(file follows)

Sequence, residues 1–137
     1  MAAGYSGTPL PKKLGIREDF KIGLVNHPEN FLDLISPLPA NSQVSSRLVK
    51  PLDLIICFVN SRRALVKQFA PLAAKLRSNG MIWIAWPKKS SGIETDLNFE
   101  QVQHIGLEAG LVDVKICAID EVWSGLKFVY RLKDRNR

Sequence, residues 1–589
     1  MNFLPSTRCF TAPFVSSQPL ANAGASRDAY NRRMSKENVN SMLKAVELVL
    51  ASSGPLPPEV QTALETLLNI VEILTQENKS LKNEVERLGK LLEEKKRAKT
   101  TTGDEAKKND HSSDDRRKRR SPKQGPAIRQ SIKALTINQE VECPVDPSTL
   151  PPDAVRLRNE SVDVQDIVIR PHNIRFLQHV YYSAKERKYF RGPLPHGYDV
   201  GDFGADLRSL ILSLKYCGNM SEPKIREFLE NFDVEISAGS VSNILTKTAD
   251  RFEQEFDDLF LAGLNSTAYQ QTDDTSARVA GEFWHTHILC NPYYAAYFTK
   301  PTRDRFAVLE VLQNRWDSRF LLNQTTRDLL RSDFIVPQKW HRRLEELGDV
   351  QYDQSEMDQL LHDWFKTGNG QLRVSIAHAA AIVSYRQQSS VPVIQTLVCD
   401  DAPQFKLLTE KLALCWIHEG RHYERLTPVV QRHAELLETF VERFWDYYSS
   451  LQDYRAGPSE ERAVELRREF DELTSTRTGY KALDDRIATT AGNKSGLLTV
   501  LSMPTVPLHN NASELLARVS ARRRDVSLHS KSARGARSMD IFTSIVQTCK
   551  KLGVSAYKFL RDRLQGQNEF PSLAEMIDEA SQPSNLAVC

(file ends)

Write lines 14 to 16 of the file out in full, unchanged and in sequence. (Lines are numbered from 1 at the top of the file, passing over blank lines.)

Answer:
   401  DAPQFKLLTE KLALCWIHEG RHYERLTPVV QRHAELLETF VERFWDYYSS
   451  LQDYRAGPSE ERAVELRREF DELTSTRTGY KALDDRIATT AGNKSGLLTV
   501  LSMPTVPLHN NASELLARVS ARRRDVSLHS KSARGARSMD IFTSIVQTCK